Albany Poised To Pass Some Kind Of Congestion Pricing Plan

Congestion Pricing Carve Up

There may be more carve-outs than a Thanksgiving turkey, but the State Assembly is poised to pass some kind of congestion pricing plan that will charge motorists to drive into Manhattan below 61st Street, according to KCP sources and media reports.

Among the possible slicing and dicing include some kind of transit “equity” for transit users on Long Island and in the Hudson Valley, who like city straphangers, have their own mass transit issues with the LIRR and Metro-North Railroad. Both are part of the transit network under the auspices of the Metropolitan Transportation Authority (MTA).

Media reports also have it that lawmakers are working on a “last mile” program that involves subsidizing for-hire vehicle trips in the city’s transit deserts to make it easier for people to get from their homes to subway or train stations.

Other carve outs being considered are discounts to drivers who pay at some toll bridges and possible exemptions for seniors, low-income people, small businesses and people with disabilities. It was enough for Assembly Speaker Carl Heastie (D-Bronx) to warn the discounts could have an effect on the whole purpose of the congestion pricing tax, which is to raise money for the city’s decrepit subway system. “The more you carve out the less you have in revenue,” he told Albany reporters.

The congestion pricing plan has had mixed reviews since being initially proposed back in early 2018 across the city and in Brooklyn as some outer-borough lawmakers look for a plan that doesn’t burden their heavily commuter districts.

Rodneyse Bichotte
Assemblymember Rodneyse Bichotte
Jaime R. Williams
Assemblymember Jaime R. Williams

Assembly members Rodneyse Bichotte (D-Ditmas Park, Flatbush)  and Jaime Williams (D-Canarsie, Georgetown, Mill Basin, Marine Park, Bergen Beach, Gerritsen Beach) claim the plan burdens their middle-class constituencies, who already lack mass transit options.

“Congestion Pricing in its current form will not guarantee the necessary funds to fix our transit system and will just impose another tax upon on working class New Yorkers. A millionaires tax, however, in conjunction with other sales tax revenues, and a spending cap increase can generate the necessary funding to fix our transit system for all New Yorkers. Let’s continue the dialogue,” said Bichotte.

The Millionaires Tax plan would make wealthy New Yorkers pay for subway and bus upgrades including reduced fares for low-income riders.

“The onerous congestion pricing plan will detrimentally affect all of the residents of the 59th Assembly District who drive into Manhattan, and a large segment of the constituency in the 59th AD do commute into the city, to saddle them with this extra cost is not fair in its slightest. The congestion pricing program is not a viable program, but an apparent veiled attempt to raise revenue,” said Williams.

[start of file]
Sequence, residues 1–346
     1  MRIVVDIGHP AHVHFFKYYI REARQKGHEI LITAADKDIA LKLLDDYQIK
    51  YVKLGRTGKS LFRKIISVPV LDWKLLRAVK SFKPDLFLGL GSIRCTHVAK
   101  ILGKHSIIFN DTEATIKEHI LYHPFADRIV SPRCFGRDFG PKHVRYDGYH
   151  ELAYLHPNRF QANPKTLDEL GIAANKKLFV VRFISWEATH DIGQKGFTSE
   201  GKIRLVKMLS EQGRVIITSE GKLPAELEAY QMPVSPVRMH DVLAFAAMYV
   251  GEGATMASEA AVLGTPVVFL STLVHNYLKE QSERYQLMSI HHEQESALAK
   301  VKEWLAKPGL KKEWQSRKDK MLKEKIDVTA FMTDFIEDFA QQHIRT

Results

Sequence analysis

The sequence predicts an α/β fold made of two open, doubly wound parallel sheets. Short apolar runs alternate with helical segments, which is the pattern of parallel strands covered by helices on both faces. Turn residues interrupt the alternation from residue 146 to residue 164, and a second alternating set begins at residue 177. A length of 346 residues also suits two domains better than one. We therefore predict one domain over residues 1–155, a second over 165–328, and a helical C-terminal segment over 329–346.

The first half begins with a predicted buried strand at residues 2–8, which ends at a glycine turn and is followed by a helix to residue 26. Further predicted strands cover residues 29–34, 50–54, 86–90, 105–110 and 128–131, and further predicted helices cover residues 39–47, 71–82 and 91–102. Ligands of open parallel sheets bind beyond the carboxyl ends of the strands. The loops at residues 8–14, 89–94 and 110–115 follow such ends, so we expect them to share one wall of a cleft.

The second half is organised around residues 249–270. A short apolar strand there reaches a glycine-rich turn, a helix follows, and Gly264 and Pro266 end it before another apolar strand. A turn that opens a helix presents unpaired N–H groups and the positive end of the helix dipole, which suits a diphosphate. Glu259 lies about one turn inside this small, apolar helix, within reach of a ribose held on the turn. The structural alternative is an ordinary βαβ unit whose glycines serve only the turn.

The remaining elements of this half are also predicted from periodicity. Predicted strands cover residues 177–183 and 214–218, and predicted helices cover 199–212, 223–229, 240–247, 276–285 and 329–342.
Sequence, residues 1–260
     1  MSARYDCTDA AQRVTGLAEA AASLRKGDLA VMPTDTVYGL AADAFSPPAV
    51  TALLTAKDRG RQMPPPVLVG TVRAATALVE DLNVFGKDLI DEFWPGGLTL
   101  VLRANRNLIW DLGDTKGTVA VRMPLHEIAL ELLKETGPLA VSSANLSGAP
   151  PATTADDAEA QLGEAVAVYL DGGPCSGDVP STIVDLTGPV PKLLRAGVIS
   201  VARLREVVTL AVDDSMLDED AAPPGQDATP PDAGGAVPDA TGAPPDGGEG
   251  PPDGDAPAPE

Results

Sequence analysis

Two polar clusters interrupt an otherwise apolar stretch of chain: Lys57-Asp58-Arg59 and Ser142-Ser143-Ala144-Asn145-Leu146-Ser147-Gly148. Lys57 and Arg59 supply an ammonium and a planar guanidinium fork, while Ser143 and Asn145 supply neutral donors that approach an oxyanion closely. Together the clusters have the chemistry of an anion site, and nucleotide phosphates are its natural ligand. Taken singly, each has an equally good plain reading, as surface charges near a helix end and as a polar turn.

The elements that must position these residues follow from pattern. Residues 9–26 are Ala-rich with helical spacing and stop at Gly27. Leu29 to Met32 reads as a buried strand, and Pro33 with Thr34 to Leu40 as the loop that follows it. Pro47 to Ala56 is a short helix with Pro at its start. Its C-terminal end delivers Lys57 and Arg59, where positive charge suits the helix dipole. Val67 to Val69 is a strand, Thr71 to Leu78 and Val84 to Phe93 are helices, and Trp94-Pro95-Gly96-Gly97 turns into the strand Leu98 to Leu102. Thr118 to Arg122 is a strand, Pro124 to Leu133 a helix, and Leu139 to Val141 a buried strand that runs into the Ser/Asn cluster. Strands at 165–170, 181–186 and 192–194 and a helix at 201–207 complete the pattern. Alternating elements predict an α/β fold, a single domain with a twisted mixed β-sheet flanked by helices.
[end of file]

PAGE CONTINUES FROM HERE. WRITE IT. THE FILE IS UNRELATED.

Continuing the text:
Andrew Gounardes
State Sen.-Elect Andrew Gounardes

But South Brooklyn State Senator Andrew Gounardes (D-Bay Ridge, Dyker Heights, Bensonhurst, Marine Park, Gerritsen Beach, Gravesend) is in support of the plan that he believes is the best route to raise the necessary $1.5 billion annually the Metropolitan Transportation Authority agrees must be raised to fix the subway system.

“Our mass transit system is in crisis, with a projected $100 billion in capital needs over the next decade. Every solution must be on the table to rescue the system – the lifeblood of New York City – from collapse. As a transit rider myself, I know first hand the challenges that stem from deteriorating infrastructure, inaccessible stations, and annual fare hikes that push riders to their financial limits. I support the idea of congestion pricing as a means to fund critical infrastructure improvements for our subway and bus system while simultaneously reducing our city’s carbon footprint and declogging our streets,” said Gounardes.

Gounardes’ district is mainly served by the R train that in recent years has had a history of declining service including signal failures, delayed service and closed train stations due to improvement projects.

The congestion pricing plan comes as a moving part of the state’s Fiscal Year $175 billion budget, which has a budget passage deadline of April 1. It also comes as state lawmakers’ pay raises depend on passing the budget on time.

State lawmakers salaries are set to increase from $79,500 to $110,000, with another $10,000 set of next year, but only if the state budget is adopted by the end of the month.